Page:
Charlie Munger Explains the 2008 Financial Crisis | Caltech 2008【C:C.M Ep.237】

Charlie Munger Explains the 2008 Financial Crisis | Caltech 2008【C:C.M Ep.237】



TOM TOMBRELLO: 20 years ago, I decided I wanted to – my wife and I decided to build a house on the tropical island and yet it had hurricanes.


And you know being a Caltech professor, that's a risk I didn't want, so I constructed a financial instrument which was build a house and buy an insurance policy. Hurricane did come, damage the house severely.


And now more out of blind dumb luck than skill, I cashed the check from the insurance company about two weeks before the insurance company went belly-up, because the insurance company had only insured houses on this island. (Laughter)


And therefore – (Laughter) – I hadn't constructed a hedge at all.


CHARLIE MUNGER: No, of course not.


TOM TOMBRELLO: I had constructed a common mode failure.


And so the real question in society right now, when we talk about bundled mortgages or any of the other finance – hedge funds – is whether the risks are really independent and you can determine them or whether somehow there's these common mode failures that take down those systems at once?


CHARLIE MUNGER: The same people – we're trying to ruin the social scientists by taking it into this stream hopeless complexity of math that won't work – are alive and well on Wall Street and creating securities, etc.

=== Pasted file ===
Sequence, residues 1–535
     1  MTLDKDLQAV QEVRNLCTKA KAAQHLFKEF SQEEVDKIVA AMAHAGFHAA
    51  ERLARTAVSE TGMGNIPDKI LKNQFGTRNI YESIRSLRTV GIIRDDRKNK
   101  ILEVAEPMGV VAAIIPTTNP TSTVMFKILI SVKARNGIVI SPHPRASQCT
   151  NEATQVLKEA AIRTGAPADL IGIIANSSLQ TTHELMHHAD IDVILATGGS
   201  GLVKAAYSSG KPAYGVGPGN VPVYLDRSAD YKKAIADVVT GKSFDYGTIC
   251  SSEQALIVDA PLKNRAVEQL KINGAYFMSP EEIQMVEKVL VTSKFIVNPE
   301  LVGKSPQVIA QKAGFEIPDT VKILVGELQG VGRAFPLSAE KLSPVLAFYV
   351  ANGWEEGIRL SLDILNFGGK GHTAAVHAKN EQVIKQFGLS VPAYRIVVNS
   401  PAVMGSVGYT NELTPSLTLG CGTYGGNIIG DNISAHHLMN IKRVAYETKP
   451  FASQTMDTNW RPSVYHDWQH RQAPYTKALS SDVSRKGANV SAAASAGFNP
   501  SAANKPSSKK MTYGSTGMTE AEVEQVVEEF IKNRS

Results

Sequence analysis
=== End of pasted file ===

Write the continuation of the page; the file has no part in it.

And they've done the same thing there. They have created things so complicated that nobody can understand them. And therefore, they take shortcuts. They don't try. They rely on the rating agencies.


There are grown men who looked at a bunch of collateralized debt obligations, all of which was rated Triple-A by rating agencies, and they all yielded 60 basis points (0.60%) more than normal Triple-A pieces of paper.


Well, anybody with a grain of sense would see danger flags flying – I mean, the hurricane concept would come quickly to your mind. But what these people saw was a marvelous opportunity to get a lot of money for themselves by lying and cheating.


They bought all these Triple As, they leverage four or five times over and then they told their investors they were getting alpha. They weren't getting alpha. They were taking a hurricane risk and telling the people they deserved extra pay because they were delivering alpha. Well, they were delivering extra profits as long as there was no hurricane – no financial heavy wind.


This is a deeply immoral way to create financial instruments, it's a deeply immoral way to run an investment operation and of course, it's attracted more and more people from eminent places like MIT. (Laughter)


People go into this derivative trading, you know because it's hard to rise in standard oil and inventing better oil refineries, it takes time and there's competition and so on. Besides when you're all done, nobody's ever going to hand you a 180 million dollars.


And so these people do go into this activity and they create this hopeless massive super complexity, then they get trading systems which their accountants bless and they punch these buttons.


And if they've agreed to buy something eight years in the future from A for a 100 million and sell it eight years in the future to B for 105 million, they punch the button and both obligations disappear, and it shows the 5 million dollar profit receivable from the second guy.